Focus on Implantation Animal models of implantation
Kevin Y Lee and Francesco J DeMayo
Department of Molecular and Cellular Biology, Baylor College of Medicine, 1 Baylor Plaza, Houston, Texas 77030-3498, USA
Correspondence should be addressed to Francesco J DeMayo; Email:

Implantation is an intricately timed event necessary in the process of viviparous birth that allows mammals to nourish and protect their young during early development. Human implantation begins when the blastocyst both assumes a fixed position in the uterus and establishes a more intimate relationship with the endometrium. Due to the impracticalities of studying implantation in humans, animal models are necessary to decipher the molecular and mechanical events of this process. This review will discuss the differences in implantation between different animal models and describe how these differences can be utilized to investigate discrete implantation stages. In addition, factors that have been shown to be involved in implantation in the human and other various animal models including growth factors, cytokines, modulators of cell adhesion, and developmental factors will be discussed, and examples from each will be given.
Reproduction (2004) 128 679–695

Human implantation begins when the blastocyst both assumes a fixed position in the uterus and establishes a more intimate relationship with the endometrium. In order for this relationship to be established, an ordered succession of events must occur. The events of implantation include: apposition of the blastocyst to the uterine luminal epithelium, adhesion to the epithelium, penetration through the epithelium and basal lamina and invasion into the stromal vasculature (Enders et al. 1986). It is not possible, for both practical and ethical reasons, to physiologically study implantation in large numbers of humans. Therefore, animal models are necessary to decipher both the molecular and mechanical events associated with implantation. Although the eventual objective of implantation, to bring the conceptus into contact with the maternal blood supply, is the same in all mammals, the different animal models in which implantation has been studied have shown wide mechanistic variation. The study of these differences and similarities allows us to gain insight into cellular and molecular interactions that occur as part of implantation. In the sections below, shared mechanisms of implantation will be defined and the mechanistic differences in implantation between different animal models will be illustrated. It will be shown how these differences can be utilized in the investigation of discrete implantation stages. Furthermore, information on different factors that may be involved in implantation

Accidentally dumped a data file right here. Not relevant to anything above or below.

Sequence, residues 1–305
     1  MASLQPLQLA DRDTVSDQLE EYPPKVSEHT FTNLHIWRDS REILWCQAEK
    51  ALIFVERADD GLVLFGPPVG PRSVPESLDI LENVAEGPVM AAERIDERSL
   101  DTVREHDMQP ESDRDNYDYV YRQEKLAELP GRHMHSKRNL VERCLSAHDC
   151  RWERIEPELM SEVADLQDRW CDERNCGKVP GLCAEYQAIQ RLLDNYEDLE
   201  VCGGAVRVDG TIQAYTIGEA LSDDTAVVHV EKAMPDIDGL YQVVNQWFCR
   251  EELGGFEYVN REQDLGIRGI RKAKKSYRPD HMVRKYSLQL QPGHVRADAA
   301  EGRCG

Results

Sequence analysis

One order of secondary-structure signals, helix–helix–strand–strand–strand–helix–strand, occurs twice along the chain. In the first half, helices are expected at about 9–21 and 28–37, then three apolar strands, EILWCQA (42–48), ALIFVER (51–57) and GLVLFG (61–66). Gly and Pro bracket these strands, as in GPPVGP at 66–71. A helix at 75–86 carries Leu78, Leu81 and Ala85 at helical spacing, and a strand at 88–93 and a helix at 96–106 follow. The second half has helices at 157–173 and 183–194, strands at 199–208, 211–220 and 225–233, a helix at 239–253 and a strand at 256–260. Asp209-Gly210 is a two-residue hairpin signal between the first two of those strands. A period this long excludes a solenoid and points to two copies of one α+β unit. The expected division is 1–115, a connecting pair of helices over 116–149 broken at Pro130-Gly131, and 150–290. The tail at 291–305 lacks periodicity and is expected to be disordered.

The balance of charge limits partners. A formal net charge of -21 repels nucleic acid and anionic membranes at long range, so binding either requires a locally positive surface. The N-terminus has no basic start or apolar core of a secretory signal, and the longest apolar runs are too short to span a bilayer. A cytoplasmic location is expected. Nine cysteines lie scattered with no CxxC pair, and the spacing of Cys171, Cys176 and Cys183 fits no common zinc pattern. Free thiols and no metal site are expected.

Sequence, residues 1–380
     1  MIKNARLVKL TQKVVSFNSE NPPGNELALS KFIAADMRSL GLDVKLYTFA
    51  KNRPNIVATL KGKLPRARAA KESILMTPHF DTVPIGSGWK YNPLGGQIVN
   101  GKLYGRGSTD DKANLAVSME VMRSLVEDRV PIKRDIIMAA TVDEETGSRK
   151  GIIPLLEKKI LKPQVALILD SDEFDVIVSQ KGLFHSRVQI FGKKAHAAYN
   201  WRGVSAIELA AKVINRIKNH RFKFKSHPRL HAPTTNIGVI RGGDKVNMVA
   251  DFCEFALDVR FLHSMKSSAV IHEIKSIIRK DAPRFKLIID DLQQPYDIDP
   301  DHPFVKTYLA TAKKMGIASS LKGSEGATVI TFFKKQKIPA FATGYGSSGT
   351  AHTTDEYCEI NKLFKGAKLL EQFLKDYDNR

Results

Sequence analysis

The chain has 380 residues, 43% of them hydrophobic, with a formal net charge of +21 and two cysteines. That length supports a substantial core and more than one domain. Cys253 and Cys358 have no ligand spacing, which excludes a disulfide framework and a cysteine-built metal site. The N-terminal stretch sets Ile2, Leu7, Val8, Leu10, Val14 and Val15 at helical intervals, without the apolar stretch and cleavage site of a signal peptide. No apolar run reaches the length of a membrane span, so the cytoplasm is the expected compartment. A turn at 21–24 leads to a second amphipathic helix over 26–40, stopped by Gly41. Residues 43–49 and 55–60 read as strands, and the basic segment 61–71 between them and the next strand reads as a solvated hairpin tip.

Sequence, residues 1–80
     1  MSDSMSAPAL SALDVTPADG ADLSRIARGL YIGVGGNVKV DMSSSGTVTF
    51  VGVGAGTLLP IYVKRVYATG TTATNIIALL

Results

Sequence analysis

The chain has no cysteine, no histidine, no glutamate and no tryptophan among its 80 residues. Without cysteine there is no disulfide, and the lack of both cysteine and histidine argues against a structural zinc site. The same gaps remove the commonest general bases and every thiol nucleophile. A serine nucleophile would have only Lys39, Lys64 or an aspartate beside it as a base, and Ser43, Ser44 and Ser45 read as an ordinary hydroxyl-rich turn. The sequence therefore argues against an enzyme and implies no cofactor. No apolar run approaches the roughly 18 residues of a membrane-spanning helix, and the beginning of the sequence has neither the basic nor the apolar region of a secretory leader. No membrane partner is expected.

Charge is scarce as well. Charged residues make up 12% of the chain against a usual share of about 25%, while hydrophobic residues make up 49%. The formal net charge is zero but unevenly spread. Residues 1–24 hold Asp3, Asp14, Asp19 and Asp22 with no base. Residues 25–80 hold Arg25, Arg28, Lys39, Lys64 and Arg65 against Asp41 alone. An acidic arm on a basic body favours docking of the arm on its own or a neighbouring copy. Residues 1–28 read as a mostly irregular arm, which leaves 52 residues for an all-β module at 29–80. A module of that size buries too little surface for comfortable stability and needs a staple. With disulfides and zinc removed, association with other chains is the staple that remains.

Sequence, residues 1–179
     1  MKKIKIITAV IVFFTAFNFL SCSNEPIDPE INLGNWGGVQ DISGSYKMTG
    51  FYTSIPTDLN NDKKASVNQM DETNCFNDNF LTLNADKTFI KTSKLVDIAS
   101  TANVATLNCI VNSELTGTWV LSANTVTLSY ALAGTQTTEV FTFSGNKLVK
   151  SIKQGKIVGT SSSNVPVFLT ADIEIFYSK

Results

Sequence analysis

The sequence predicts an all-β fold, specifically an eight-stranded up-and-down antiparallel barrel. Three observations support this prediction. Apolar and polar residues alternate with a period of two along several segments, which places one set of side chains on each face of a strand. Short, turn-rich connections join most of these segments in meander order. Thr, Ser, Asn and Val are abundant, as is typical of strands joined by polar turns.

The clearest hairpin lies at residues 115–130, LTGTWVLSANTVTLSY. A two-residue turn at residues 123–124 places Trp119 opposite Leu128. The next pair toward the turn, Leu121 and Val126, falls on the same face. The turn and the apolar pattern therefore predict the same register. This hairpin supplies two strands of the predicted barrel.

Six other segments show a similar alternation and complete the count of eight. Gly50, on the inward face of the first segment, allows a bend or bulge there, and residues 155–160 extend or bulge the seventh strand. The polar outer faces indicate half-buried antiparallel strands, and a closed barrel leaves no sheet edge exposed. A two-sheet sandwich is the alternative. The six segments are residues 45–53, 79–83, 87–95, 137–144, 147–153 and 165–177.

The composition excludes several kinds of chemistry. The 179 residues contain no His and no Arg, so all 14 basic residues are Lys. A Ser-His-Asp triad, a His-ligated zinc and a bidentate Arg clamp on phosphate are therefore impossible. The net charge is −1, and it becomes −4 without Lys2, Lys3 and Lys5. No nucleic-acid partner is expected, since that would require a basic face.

q 2004 Society for Reproduction and Fertility ISSN 1470–1626 (paper) 1741–7899 (online)

across species, including humans, will be given, with examples from each class of factors.

Mechanisms of implantation in animal models